As you make your way around the gloomy map you come across many things unseen before this DLC. I took three steps into fog and was ambushed by Trappers (like Raiders but with better armour), then before I could slam a Stimpak into my arm a pack of Wolves tried to take my kidney, I even died for only the third time in 300+ hours of gameplay! Now I’m the type of player who needs to see everything, who has to do everything and who has to level up as much as I can before moving onto the next location or quest, so being a relatively experienced player I carry some pretty powerful weapons (let me just hop off of my pedestal). But, a large amount of the horrible creatures you find in this merciless wasteland won’t go down quick enough with anything smaller than a 50.cal rifle. Even my Overseers Guardian rifle couldn’t take some of these beasts down in under two or three full clips. Honestly, I love it. Fighting huge creatures that can set you on fire with their venomous spit or catapult you like a frisbee is simply grand. Oh, and you will be fighting them in a large, thick, irradiated blanket of fog that’s slowly turning you into a ghoul. There are machines called Fog Condensors throughout that subdue it, but in true post-apocalyptic fashion they are broken, and you gotta fix ‘em.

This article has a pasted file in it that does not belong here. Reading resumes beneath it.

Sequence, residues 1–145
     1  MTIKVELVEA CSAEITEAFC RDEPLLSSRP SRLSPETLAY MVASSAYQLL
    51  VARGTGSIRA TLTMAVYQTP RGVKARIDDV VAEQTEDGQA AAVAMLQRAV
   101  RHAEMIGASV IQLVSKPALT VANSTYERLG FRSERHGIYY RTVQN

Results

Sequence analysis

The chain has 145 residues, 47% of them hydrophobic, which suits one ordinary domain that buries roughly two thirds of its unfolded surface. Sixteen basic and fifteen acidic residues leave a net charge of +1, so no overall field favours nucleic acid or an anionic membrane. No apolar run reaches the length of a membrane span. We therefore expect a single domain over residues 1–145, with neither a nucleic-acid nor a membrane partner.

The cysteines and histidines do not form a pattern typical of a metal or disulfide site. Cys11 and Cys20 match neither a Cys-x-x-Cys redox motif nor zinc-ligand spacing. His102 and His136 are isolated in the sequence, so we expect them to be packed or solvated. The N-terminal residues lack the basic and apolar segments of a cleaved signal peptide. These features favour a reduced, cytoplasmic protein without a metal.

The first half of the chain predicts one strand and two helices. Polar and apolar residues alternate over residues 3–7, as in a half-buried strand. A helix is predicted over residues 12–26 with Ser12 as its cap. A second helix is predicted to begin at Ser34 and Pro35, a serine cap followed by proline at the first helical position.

Far Harbour ends up being very rich in terms of its quests and story lines. The main quest initially revolves around you and Nick Valentine searching for Kasumi, a young girl who ran away from her parents for reasons unknown to them, but this story falls so much deeper than just finding a missing girl. Whether you stumble upon a Synth refuge or a large Children of Atom faction you better make your decisions within them wisely, as every action you make affects the end of the main objective. Your choices will spell the difference between someone living and dying, and ergo severely alters how the story unfolds from that point forward. It will even affect your side quests! So you can make a wrong decision in a main story and have certain side quests become unavailable. It’s really well thought out, and makes you consider what the best option for the situation would be.
Go on, kiss.
Mother told me not to talk to strangers